Fuel treatment effectiveness in Southern forests has been demonstrated using fire behavior modeling and observations of reduced wildfire area and tree damage. However, assessments of treatment effectiveness may be improved with a more rigorous accounting of the fuel characteristics. We present two case studies to introduce a relatively new approach to characterizing fuels and predicting potential fire behavior, fuel consumption, and emissions in Southern forests using the Fuel Characteristic Classification System (FCCS) and Consume. The first case study provides fine-scale ( <100 ha) examples of fuel treatments (prescribed fire, mechanical thinning, mastication, and herbicide treatment) and their potential effect on predicted fire behavior and effects on measured treatment units. The second case study evaluates potential fire behavior across a managed forest landscape (74,000 ha) in the upper Atlantic Coastal Plain, South Carolina.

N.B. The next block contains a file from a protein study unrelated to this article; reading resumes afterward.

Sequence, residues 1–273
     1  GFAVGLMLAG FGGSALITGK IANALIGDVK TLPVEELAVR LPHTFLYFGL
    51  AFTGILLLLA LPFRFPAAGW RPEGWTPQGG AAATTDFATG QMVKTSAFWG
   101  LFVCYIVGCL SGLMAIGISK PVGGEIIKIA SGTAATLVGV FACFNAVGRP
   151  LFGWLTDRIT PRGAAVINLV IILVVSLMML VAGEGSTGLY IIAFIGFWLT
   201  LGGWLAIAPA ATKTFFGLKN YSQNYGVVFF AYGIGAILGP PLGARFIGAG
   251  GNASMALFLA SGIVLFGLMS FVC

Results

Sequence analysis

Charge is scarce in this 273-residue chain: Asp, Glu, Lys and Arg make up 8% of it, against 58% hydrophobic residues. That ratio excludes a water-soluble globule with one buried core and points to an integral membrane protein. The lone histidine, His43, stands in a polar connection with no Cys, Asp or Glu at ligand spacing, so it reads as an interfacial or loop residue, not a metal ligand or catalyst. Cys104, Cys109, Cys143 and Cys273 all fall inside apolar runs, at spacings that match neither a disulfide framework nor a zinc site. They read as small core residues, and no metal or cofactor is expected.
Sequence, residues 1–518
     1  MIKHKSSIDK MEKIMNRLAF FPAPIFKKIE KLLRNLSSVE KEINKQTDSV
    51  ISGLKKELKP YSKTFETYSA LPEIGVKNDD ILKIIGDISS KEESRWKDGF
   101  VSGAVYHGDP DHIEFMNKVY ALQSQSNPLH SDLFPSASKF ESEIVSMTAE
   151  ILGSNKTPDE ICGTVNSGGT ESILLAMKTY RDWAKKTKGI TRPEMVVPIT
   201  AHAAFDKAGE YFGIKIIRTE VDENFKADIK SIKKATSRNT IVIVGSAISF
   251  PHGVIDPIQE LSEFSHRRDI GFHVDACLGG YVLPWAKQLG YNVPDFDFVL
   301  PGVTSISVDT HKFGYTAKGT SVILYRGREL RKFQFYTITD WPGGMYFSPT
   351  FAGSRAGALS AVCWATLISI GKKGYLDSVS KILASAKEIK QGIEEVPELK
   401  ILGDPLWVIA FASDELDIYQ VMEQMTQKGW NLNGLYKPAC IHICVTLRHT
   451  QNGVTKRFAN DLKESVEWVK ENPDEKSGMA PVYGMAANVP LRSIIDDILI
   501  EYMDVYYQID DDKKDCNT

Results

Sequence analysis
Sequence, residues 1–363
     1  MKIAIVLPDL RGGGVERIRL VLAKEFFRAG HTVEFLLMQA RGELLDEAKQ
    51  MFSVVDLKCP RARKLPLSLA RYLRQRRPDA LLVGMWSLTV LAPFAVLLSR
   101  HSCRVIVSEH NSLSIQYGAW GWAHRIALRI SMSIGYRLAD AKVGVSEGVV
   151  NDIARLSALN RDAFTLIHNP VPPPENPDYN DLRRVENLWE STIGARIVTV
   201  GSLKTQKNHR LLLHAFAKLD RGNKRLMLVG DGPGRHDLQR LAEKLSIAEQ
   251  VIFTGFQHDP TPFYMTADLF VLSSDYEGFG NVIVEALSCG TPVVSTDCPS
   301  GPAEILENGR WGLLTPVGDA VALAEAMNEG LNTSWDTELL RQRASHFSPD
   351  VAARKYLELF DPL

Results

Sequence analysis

Based on model predictions, up to 80% less fuel would be consumed with concomitant reduction in emissions during a wildfire occurring in the treated units compared to the untreated unit. Assessments of potential fire behavior across the study area indicate that overall hazard is low to moderate for this forested landscape. However, localized areas of high surface fire and. crown fire potential were identified. Plot- and stand-based modeling both suggest that the potential for high to extreme fire behavior exists for this landscape. Combined, the two case studies highlightthe ability of the FCCS to represent measured fuel characteristics and predict differences in potential fire behavior resulting from fuel treatments. Even small differences in fuel characteristics resulting from fuel treatments or site variation could be detected, allowing the effects of both ecological processes and management actions to be quantified.